I’m Still Upset Over NCAA.com’s UCLA March Madness Team


As I have aged and since becoming a parent, I make a concerted effort not to get too upset over innocuous stuff online. Sometimes, it’s a losing battle. Today is one of those days.

The NCAA’s official Twitter account ran a summer content void-filling series of polls to determine the greatest five in March Madness history. Now, I view “NCAA Tournament” and “March Madness” as distinguishing titles, the former encompassing the entirety of the basketball championship since 1939, and the latter referring to the tournament since its expansion to 64 (now 68) teams in 1985. But that’s my own hang-up, and a sentiment the folks at NCAA.com obviously did not share, since the historic rosters included players from generations pre-dating the 3-point line, shot clock and expansion.

Below are the final results.

Now, Kentucky winning does not trigger me. It’s a blue-blood program with eight national championships spanning seven decades. Consider the talent to play at Kentucky in that time — especially in more recent years — and the Wildcats have a valid case.

What’s more, an online poll is beholden to user engagement, and I’m pretty certain Kentucky basketball fans have a chip implanted in their brains from birth that automatically notify them of the moment anyone mentions Big Blue Nation on social media. Just a working theory.

I cannot even be upset over Florida advancing to the championship. Yes, it’s completely asinine anyone considers Florida one of the two best NCAA Tournament programs of all-time, considering the long droughts of March success between Lon Kruger’s 1994 Final and Billy Donovan’s two (and only, in program history) national championship teams; ditto the drought between 2007 and the program’s reemergence to national relevance in 2012.

Still, it’s a fan poll on social media, indicative of nothing beyond which fan base can rally the most homers to participate. Florida advancing past the most decorated program of the past 25 years (Duke) and the most decorated program of all-time (UCLA) may be silly, but it isn’t maddening.

The team that NCAA.com chose for UCLA, on the other hand? Wholly infuriating.

Now, evaluating without homer-goggles, the starting front court of Kareem Abdul-Jabbar and Bill Walton would be enough to declare UCLA the greatest Five of all-time. Abdul-Jabbar and Walton may very well be the two greatest college basketball players ever. Even if you disagree, there’s no argument that they’re no lower than top five.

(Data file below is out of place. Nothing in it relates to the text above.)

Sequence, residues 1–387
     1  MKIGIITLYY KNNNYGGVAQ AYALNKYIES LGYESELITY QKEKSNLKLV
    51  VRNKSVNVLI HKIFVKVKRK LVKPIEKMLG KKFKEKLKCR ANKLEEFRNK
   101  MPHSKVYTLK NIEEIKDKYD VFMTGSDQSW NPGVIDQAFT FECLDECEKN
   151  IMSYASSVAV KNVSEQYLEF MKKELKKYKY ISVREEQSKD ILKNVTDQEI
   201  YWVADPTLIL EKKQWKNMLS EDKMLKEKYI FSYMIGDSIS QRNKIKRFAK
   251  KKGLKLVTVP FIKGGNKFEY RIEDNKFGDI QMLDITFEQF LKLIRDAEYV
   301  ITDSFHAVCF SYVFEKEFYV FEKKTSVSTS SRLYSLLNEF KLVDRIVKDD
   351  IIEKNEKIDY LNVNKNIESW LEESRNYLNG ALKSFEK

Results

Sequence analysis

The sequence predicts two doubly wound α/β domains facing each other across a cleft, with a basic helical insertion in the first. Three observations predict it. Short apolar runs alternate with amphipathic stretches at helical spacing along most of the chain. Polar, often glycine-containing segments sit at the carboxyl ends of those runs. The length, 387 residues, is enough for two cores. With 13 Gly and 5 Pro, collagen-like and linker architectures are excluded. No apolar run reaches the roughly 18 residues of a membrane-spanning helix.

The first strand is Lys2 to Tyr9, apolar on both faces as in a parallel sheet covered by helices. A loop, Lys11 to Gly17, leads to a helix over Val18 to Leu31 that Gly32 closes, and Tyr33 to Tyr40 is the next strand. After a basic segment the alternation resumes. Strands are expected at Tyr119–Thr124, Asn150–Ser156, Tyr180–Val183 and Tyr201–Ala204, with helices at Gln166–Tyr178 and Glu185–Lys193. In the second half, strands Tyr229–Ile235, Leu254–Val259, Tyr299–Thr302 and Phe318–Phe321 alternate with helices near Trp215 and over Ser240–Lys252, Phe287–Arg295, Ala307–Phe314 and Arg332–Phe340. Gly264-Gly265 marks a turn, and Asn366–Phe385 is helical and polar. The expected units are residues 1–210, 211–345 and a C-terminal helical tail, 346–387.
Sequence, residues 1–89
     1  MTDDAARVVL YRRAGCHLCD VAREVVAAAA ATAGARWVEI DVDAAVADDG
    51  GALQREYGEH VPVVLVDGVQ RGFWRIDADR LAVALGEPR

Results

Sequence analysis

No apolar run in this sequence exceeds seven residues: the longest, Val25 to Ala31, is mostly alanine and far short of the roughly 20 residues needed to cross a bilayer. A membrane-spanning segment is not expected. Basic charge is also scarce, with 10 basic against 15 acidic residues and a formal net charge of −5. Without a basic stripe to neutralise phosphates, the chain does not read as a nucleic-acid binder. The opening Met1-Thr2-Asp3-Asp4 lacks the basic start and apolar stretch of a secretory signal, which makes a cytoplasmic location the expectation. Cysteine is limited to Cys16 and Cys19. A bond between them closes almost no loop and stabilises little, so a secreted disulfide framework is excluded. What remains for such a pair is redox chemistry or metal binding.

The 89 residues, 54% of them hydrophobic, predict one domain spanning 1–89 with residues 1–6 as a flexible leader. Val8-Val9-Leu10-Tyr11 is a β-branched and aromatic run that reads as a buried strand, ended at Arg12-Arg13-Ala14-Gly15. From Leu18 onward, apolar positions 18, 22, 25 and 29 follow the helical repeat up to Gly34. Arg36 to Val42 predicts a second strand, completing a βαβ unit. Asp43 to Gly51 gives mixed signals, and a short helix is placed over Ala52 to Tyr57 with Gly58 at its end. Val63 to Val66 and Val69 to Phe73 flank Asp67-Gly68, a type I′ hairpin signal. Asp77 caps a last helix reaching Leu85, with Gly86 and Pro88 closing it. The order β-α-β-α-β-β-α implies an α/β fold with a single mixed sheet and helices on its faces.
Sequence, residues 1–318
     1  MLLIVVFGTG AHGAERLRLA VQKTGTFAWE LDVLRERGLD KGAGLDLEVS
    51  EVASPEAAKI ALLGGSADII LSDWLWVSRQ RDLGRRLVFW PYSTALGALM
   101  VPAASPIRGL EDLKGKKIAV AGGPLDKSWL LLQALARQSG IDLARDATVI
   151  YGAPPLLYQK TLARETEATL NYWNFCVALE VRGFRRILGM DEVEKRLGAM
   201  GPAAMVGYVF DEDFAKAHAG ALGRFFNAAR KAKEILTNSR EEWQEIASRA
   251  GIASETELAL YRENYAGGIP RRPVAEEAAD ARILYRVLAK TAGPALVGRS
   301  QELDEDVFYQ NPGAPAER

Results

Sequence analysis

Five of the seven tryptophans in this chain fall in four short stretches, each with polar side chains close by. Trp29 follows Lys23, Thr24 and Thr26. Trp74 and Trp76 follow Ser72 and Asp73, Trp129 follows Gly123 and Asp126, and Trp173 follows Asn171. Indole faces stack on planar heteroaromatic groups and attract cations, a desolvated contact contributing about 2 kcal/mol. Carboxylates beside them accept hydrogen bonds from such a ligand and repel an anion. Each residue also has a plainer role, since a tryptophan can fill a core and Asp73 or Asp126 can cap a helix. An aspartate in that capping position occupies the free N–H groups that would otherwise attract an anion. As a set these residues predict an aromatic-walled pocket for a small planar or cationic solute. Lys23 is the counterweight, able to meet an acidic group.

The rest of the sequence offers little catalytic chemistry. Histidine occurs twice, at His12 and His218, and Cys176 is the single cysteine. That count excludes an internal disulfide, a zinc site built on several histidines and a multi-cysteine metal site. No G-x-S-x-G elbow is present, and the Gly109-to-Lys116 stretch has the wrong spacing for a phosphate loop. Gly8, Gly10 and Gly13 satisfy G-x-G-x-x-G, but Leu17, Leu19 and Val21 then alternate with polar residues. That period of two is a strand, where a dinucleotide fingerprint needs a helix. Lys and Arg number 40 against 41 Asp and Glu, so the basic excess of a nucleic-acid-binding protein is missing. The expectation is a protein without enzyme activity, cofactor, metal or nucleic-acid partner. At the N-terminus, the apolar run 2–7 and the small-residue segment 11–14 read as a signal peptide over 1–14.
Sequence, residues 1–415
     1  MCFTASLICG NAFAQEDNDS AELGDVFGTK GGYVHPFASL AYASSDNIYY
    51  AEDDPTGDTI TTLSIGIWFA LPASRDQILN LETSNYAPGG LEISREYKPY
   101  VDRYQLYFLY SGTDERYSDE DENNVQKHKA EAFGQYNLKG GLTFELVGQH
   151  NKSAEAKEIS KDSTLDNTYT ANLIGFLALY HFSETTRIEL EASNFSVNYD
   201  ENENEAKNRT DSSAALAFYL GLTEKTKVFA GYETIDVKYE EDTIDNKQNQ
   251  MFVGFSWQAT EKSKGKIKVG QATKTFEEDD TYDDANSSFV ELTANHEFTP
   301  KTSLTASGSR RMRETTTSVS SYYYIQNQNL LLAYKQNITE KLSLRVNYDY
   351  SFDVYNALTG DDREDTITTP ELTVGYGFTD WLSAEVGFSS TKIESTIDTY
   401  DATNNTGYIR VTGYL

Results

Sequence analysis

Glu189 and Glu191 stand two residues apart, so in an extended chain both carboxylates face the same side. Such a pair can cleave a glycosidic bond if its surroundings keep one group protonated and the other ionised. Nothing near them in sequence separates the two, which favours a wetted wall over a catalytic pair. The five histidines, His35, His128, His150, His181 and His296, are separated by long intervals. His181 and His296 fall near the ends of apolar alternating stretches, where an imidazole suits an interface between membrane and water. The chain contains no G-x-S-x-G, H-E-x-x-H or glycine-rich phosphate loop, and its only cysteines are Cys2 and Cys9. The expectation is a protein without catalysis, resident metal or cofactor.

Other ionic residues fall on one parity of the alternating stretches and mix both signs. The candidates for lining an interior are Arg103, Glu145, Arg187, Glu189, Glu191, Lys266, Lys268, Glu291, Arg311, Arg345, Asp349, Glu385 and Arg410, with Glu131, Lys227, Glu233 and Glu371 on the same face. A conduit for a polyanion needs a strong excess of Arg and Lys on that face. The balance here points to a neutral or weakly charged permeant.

NCAA.com also included point guard Gail Goodrich, a legend in Southern California who went onto a Hall of Fame career with the Los Angeles Lakers. Goodrich averaged 21.5 and 24.8 points per game in his final two seasons, both of which culminated in the first of John Wooden’s record 10 national championships.

Here’s what my eyelid starts to twitch and I want to start typing swear words. Did the other two roster spots go to Walt Hazzard, UCLA’s first-ever National Player of the Year, from the Bruins’ first national championship season? Perhaps two-time Player of the Year and double-double machine Sidney Wicks.

Of course, both Hazzard and Wicks shared the spotlight with legends already featured on the March Madness Best Five. Plus, Wicks left UCLA with a … not exactly dubious reputation, but he wasn’t exactly Mr. Bruin like Bill Walton.

Marques Johnson was the preeminent star of the immediate post-Wooden era, his legacy cemented when he averaged 21.4 points and 11 rebounds per game, and swept the major Player of the Year honors in 1977. If it wasn’t Johnson landing one of those two spots, surely it belonged to the captain of the only post-Wooden and last championship team in UCLA history, Ed O’Bannon.

O’Bannon averaged 20.4 points, 8.3 and just south of two steals per game in 1994-’95. He’s the last consensus pick from UCLA for National Player of the Year.

And he was snubbed.

The lineup:

Reggie Miller and Russell Westbrook.

Now, if this is a March Madness Best Five, it’s worth nothing that in Miller’s impressive senior season — the first in which college basketball featured a 3-point line, and Miller capitalized with a blistering 44 percent shooting average — UCLA lost in the Second Round. That was Miller’s only NCAA Tournament appearance.

Russell Westbrook played for two Final Four teams in 2007 and 2008 (though his contributions in 2006-’07 were negligible). But even in ’07-’08, almost a decade before winning the NBA’s Most Valuable Player Award, Westbrook averaged 12.7 points (third on the team), 3.9 rebounds (third on the team) and 4.3 assists per game (first!). Even just typing those numbers inspires a fury in me that transcends rationality for something so meaningless.

Which is why I chose to wait several weeks before writing this angry rant. It would have been a whole lot more vitriolic and, frankly, embarrassing for myself if I’d done it earlier this month.